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In the Harry Potter series, the story is relayed to the audience via an extradiegetic narrator, a detached third-person observer close to the action, but in no point involved in it (heterodiegetic). At several points in the books, there are also intradiegetic (either autodiegetic or homodiegetic) narrators for a brief period, such as Bartemius Crouch Jr in part of the thirty-fifth chapter of Harry Potter and the Goblet of Fire (Veritaserum), or Rubeus Hagrid in part of the twentieth chapter of Harry Potter and the Order of the Phoenix (Hagrid's Tale). In the most common official audiobooks of the Harry Potter series, the narrator's voice is that of Stephen Fry (British-English speaking countries) or Jim Dale (U.S.).

Narrator analysis

The narrator is, at all times, heterodiegetic — that is, they are exterior to the story and never take part in the action — and, as such, speaks in third-person. Verb tenses are invariably given in the past.

The narrator is also omniscient: they seem to have a detailed overview of what is going on at any place of the story, and at any time, as well as a deep level of insight into the characters' thoughts and feelings despite not always relaying them to the reader.

Rowling chose a close third-person narrator, which means that they tend to follow one character in the action and limits the information they relay to what is happening in the proximity of that character. This character is almost always Harry Potter, although there are moments in which this focalisation changes: Vernon Dursley (Harry Potter and the Philosopher's Stone, chapter one), Albus Dumbledore (Harry Potter and the Philosopher's Stone, chapter one), Ronald Weasley and Hermione Granger (Harry Potter and the Philosopher's Stone, chapter eleven), Frank Bryce (Harry Potter and the Goblet of Fire, chapter one), the Prime Minister (Harry Potter and the Half-Blood Prince, chapter one). There are times, however, like in chapter two of Harry Potter and the Half-Blood Prince, or in chapter one of Harry Potter and the Deathly Hallows, where the narrator is uncharacteristically objective, and does not relay anything more than facts about the scene before them — they become a third-person observant narrator. Rowling uses this device in crucial scenes in which the protagonist, Harry Potter, is not present, in order to deceive the reader into thinking characters mean something that they really do not without overtly lying.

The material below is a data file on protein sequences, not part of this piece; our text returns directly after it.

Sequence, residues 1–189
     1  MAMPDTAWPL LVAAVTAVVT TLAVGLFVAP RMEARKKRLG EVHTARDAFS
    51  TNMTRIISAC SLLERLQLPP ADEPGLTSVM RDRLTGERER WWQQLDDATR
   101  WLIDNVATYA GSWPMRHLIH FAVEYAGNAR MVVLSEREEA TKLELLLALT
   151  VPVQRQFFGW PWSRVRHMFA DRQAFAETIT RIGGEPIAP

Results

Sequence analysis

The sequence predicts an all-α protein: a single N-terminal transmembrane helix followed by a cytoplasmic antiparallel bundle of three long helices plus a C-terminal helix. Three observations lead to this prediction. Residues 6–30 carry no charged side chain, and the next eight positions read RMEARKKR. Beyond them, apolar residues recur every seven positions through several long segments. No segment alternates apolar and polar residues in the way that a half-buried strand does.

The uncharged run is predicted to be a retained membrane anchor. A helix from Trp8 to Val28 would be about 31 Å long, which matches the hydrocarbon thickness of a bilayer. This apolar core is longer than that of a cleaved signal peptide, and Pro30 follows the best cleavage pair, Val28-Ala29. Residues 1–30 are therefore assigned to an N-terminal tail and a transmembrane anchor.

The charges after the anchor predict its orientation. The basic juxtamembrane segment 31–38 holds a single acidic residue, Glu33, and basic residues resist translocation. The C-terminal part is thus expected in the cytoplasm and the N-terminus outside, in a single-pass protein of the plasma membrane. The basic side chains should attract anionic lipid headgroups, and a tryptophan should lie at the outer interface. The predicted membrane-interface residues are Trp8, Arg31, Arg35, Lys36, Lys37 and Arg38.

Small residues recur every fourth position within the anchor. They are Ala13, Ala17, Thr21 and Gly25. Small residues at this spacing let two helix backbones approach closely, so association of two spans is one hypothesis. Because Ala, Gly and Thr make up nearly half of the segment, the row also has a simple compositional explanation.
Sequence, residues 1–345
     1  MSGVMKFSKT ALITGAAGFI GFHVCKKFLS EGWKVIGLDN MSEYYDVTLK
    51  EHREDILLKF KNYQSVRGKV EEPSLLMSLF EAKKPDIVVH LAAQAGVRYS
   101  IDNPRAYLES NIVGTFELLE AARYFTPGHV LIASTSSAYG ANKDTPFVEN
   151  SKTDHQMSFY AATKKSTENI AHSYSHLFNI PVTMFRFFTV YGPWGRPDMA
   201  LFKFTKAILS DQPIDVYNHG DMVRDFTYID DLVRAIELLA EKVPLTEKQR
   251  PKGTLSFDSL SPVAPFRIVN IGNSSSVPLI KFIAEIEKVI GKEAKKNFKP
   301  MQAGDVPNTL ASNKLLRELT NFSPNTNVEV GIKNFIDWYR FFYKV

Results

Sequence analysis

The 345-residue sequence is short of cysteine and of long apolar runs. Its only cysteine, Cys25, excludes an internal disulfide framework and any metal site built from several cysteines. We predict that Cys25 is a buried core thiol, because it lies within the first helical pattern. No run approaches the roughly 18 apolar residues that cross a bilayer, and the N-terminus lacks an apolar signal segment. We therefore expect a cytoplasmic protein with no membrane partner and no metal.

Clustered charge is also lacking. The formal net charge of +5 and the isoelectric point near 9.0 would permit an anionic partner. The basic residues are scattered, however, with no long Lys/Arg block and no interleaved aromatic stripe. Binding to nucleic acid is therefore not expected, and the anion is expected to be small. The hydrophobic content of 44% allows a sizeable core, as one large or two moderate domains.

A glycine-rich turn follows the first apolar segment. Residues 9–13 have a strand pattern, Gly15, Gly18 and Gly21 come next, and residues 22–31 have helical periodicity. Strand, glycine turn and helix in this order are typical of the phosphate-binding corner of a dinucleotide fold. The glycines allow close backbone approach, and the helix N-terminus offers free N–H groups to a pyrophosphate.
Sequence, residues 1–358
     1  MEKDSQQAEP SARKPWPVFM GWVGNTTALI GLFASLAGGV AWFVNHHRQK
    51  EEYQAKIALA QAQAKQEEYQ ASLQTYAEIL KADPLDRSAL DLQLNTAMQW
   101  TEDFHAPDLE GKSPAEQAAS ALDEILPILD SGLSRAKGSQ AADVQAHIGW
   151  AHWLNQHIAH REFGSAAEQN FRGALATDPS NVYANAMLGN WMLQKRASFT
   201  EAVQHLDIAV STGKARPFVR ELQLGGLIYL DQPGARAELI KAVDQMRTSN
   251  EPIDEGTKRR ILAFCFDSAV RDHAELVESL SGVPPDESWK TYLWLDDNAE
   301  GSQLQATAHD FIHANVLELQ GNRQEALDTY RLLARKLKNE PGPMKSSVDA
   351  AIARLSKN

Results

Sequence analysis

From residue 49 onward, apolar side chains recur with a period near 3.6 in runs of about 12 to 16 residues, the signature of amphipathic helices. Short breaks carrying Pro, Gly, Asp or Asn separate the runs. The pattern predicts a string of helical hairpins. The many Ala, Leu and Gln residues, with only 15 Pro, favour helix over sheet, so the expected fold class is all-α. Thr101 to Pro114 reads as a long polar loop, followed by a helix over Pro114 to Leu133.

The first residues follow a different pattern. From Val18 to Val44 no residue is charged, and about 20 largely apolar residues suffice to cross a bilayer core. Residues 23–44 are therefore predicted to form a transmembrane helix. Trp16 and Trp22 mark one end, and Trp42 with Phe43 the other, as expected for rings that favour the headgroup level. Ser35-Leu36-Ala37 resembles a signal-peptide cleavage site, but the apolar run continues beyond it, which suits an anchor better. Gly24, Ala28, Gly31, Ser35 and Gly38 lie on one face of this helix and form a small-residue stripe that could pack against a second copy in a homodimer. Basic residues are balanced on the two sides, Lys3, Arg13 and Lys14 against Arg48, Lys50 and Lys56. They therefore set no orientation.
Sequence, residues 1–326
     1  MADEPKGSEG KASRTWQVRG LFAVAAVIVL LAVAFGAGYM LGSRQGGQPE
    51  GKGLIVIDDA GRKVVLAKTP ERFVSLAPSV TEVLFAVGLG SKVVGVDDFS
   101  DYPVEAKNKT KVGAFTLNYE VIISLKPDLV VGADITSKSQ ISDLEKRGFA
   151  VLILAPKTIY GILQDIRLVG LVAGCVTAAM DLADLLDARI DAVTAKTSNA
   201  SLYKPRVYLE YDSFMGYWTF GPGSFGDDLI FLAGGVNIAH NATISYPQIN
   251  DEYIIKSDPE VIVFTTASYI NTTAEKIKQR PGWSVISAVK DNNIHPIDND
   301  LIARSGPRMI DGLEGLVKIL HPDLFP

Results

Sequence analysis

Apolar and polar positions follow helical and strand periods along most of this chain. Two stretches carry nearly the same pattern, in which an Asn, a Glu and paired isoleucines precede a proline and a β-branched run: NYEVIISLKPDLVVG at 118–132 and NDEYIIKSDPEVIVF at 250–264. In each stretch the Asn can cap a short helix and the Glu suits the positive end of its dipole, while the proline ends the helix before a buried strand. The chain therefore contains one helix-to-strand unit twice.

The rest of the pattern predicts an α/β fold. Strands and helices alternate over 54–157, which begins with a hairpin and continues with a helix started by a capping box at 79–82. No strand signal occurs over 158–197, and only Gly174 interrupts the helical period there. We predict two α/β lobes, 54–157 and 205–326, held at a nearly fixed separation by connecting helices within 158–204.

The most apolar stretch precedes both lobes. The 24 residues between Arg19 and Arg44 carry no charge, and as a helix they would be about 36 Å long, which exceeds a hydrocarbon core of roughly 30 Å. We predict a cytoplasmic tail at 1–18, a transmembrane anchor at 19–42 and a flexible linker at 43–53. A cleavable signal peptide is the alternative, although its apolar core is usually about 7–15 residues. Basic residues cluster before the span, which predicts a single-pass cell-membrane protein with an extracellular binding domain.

Behind the scenes

Notes and references

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